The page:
Joseph Neff’s Sunday N&O article offered a glimpse at the concrete results of Mike Nifong’s procedural fraud—a lineup procedure that, quite beyond the three players ultimately targeted, had the accuser:
- claiming to have seen at least two players who authorities knew weren’t at the party;
- falsely identifying the player who made the broomstick comment;
- identifying players with certainty on March 16, but then not recognizing them on April 4;
- recognizing players with certainty on April 4, but not having identified them on March 16 or March 21.
At Forensics Talk, Kathleen Eckelt has done similar work exposing the procedural and factual shortcomings on the medical side of the case. She’s posted several new, significant items, and privately answered several additional questions from me. In light of the recent developments, it seemed useful to summarize the medical information known to date.
1.) The medical “findings” in the Gottlieb report have little, or no, medical credibility.
The procedurally dubious Gottlieb report, which miraculously appeared in July without contemporary handwritten notes to revive Mike Nifong’s moribund case, remains the single most controversial document of the case. Over and over again, the sergeant contradicted other documents in the discovery file—each and every time bolstering the prosecution’s case, often in almost hilariously heavy-handed ways.
Gottlieb’s report, whose medical commentary New York Times reporter Duff Wilson treated as wholly credible, asserted that in a March 21 conversation, SANE nurse-in-training Tara Levicy told the sergeant that her physical exam of the accuser indicated “blunt force trauma”; she diagnosed the accuser with anal edema; and an unidentified male hospital employee walked in to the exam room, causing the accuser to scream uncontrollably. No notation of any of these items appeared in Levicy’s written report; indeed, they were, as Eckelt noted previously, inconsistent either with items in the report or with normal SANE nurse procedure.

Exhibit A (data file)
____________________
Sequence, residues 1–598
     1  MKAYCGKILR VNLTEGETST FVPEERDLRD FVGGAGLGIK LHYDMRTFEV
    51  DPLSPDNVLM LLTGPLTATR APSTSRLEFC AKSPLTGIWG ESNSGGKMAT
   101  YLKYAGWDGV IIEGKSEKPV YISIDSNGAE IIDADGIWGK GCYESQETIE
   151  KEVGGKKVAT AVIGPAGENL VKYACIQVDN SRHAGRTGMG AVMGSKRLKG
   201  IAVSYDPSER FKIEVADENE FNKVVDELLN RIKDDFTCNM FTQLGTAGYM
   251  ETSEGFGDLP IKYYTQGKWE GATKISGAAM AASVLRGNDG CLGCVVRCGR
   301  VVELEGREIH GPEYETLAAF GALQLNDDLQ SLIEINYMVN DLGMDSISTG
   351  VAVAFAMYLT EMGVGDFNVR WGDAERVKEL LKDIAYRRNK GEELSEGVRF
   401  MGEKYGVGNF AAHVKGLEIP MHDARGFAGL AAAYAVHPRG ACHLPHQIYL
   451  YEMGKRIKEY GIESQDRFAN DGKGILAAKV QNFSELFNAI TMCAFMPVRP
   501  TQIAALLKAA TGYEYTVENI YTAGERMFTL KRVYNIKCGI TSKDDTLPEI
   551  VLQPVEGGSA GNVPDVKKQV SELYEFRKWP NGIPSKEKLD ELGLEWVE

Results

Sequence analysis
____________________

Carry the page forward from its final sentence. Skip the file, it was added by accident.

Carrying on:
Eckelt recently told me of three other factually dubious items in the Gottlieb report. The other item that he added to Levicy’s medical report was a claim that the accuser experienced extreme pain during the speculum exam. According to Eckelt,
In my experience, that’s very unusual. Sure, I’ve had patients who were a sore, but those were patients who had significant injuries such as redness, tears, and abrasions and their behavior was nothing like that. In those cases, I just used the smallest sized speculum and went very slow and careful. I can’t recall a single exam where I had that much difficulty.
Gottlieb also offered his own medical testimony regarding the March 16 interview he and Inv. B.H. Himan conducted with the accuser. That session has become infamous for the yawning gap between Himan’s contemporaneous notes and Gottlieb’s “straight-from-memory” typed notes regarding the accuser’s descriptions of her alleged assailants. But, according to the Times, Gottlieb added two new medical observations. First, he claimed that the accuser had difficulty sitting on the sofa as she spoke to police. Eckelt is dubious: